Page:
The world is facing a great demand for substrates in the future. According to Arjan Zwinkels, Product Development Manager at Kekkilä-BVB, a significant part of the demand will still be peat.
- Peat will still be important in the future, partly for its safe and buffering features, partly because of the great amount of substrate needed in the future, Arjan says.
According to Arjan, it is estimated that the world will use twice as much peat in the future as is used today. Peat is safe, it buffers water and it is free from pesticides and bad fungi. It is also very safe for the grower; it holds the right amount of water.
- Peat is free from nutrients and can easily be mixed with other sustainable raw materials or organic fertilizers, Arjan says.
Peat as a base in mixtures is the future
Due to the great amount of substrate required in the future, the need for new raw materials will also increase. The use of wood fiber, bark, coir, compost, perlite and sphagnum moss will also rise. The growing media constitute today at Kekkilä-BVB is peat complemented with perlite, coir and wood fiber. In the future it will be 40%-50% peat mixed with different kinds of existing or new materials.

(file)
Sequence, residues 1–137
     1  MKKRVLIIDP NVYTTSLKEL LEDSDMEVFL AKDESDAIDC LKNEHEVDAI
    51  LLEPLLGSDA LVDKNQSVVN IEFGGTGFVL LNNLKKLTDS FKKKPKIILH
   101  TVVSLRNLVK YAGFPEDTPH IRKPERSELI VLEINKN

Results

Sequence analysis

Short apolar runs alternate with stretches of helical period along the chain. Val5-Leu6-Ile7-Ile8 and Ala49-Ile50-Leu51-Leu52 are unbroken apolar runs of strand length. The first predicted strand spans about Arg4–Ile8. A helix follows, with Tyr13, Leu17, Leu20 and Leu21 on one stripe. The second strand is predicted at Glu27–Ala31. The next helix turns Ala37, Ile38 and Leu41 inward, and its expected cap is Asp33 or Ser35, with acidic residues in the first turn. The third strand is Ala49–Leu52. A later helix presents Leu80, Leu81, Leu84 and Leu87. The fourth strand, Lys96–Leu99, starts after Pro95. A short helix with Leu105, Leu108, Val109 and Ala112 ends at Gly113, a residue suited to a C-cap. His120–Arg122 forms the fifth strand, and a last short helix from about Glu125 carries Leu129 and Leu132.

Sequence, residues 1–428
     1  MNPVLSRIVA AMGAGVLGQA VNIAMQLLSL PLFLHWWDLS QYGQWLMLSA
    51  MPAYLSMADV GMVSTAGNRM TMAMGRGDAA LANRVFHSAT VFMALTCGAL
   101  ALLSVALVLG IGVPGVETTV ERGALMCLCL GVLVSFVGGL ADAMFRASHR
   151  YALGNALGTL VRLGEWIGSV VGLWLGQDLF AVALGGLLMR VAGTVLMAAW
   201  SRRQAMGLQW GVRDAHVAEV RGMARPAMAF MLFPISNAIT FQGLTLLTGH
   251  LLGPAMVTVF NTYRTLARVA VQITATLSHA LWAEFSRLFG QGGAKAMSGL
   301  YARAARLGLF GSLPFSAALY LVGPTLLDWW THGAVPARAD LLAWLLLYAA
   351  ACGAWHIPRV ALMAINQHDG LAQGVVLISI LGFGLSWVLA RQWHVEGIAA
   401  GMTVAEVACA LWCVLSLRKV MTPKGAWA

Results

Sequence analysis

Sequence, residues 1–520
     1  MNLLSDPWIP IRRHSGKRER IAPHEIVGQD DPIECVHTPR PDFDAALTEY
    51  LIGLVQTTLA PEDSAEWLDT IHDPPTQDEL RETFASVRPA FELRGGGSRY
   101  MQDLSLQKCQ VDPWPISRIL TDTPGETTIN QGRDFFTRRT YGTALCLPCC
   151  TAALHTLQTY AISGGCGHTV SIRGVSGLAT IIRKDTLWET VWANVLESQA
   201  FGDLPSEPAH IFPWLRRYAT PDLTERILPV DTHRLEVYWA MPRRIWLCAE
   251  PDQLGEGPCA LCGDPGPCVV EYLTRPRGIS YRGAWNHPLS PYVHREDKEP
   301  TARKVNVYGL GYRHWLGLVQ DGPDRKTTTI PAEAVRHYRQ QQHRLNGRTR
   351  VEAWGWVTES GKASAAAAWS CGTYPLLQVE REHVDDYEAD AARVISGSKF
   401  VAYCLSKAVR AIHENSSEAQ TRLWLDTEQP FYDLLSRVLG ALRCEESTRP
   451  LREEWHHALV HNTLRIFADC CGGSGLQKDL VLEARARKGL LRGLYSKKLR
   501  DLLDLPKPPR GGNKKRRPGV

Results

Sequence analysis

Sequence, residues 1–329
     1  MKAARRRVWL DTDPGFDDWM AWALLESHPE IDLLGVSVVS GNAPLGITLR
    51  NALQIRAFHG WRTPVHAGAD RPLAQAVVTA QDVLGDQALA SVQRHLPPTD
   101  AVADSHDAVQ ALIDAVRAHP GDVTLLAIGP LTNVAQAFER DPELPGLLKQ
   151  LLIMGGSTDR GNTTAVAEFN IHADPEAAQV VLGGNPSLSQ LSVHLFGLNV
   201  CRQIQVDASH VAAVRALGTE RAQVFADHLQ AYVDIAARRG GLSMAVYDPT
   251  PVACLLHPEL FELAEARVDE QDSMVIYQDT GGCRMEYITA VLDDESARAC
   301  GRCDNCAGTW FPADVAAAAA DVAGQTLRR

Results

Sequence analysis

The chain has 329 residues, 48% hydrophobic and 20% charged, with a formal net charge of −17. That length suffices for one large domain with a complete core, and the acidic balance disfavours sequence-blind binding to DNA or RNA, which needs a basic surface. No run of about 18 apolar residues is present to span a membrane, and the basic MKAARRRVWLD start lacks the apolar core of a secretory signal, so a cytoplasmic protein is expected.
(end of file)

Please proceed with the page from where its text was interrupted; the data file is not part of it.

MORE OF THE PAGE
– Peat as a base in mixtures will remain due to it´s capacity of being safe and have the capability to buffer water, nutrients and pH, Arjan says.
Offering new mixes of growing media raises the demand for advice on ´how to grow in new materials´.
- Growers need to know how to grow in new materials, we can support them with that knowledge, Arjan says.
Wood fiber, sphagnum moss and bark are renewable, sustainable raw materials. While peat has a higher carbon footprint, coir has a higher water footprint due to the washing process.
- You also have to buffer coir with calcium and then you have to transport it, nor does coir buffer as much water as peat either, Arjan says.
Responsible Produced Peat – RPP certification
Swedish, Finnish and Estonian country specific legislations regarding peat harvesting are very strict and harvesting is done in accordance with local regulations. On top of these legislations we proceed with RPP certification. When harvesting, peat is harvested from degraded areas, areas that have been drained by earlier generations. Harvesting is nowadays never done in untouched peat bogs. RPP certification ensures that peatland will be used and managed during and after harvesting in a responsible way.
The RPP certification system does not allow peat extraction from high conservation value areas.
The system stimulates peat extraction from highly degraded areas followed up by appropriate after-use measures. It also implies leaving all ecologically valuable areas, with or without a nature conservation status, undisturbed. Responsibly Produced Peat certification secures the best possible development after completion of peat production, the preference being restoration.
Read more about peat harvesting and afterlife concept here.
For more information please contact Arjan Zwinkels.